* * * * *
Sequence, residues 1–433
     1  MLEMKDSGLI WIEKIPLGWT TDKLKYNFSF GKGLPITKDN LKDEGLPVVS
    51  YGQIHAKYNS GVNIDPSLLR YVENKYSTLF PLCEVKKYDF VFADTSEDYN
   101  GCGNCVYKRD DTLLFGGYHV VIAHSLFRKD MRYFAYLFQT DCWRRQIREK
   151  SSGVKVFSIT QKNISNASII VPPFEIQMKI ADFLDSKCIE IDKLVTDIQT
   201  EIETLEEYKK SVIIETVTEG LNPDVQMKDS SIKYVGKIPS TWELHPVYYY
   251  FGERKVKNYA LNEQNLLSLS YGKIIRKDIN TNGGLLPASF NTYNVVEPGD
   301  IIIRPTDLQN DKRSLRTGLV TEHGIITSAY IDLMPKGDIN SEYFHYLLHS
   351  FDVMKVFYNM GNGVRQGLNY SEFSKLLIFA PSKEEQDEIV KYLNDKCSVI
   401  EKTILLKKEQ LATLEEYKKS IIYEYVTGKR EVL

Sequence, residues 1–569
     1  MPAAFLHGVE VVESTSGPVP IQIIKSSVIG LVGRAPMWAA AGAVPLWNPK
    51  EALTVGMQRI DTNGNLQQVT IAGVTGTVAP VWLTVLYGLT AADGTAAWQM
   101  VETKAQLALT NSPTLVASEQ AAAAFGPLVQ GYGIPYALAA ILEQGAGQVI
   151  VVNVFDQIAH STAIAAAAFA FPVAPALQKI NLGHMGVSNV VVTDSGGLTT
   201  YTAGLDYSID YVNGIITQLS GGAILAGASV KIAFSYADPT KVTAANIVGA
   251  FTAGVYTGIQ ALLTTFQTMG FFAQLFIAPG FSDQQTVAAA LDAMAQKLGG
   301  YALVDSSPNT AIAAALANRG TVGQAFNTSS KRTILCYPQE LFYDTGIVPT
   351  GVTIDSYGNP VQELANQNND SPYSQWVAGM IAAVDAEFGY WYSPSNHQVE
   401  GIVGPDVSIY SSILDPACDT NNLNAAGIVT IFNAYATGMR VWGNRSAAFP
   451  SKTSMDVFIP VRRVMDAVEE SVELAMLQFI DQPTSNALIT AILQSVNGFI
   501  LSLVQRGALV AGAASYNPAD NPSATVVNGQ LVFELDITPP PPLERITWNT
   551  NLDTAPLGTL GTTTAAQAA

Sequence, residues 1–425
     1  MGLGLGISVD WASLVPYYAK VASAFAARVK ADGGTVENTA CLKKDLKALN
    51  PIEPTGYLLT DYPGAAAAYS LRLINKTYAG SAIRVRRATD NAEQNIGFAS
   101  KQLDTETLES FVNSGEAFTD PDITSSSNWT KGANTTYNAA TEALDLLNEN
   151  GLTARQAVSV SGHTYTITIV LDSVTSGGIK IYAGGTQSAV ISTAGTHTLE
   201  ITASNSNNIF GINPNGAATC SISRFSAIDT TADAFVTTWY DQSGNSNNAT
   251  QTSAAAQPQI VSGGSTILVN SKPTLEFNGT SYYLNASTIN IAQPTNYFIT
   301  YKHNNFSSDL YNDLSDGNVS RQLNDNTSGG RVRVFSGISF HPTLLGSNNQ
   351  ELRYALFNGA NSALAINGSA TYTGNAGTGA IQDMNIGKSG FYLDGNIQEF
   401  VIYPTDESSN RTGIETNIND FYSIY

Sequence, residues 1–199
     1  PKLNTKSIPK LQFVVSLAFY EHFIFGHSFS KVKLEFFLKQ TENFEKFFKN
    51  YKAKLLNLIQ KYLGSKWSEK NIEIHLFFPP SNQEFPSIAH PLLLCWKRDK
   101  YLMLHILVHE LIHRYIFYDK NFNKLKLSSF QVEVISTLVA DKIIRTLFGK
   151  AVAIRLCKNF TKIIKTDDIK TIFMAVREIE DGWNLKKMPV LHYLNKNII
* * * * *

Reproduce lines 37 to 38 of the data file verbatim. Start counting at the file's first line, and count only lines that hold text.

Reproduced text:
   101  YLMLHILVHE LIHRYIFYDK NFNKLKLSSF QVEVISTLVA DKIIRTLFGK
   151  AVAIRLCKNF TKIIKTDDIK TIFMAVREIE DGWNLKKMPV LHYLNKNII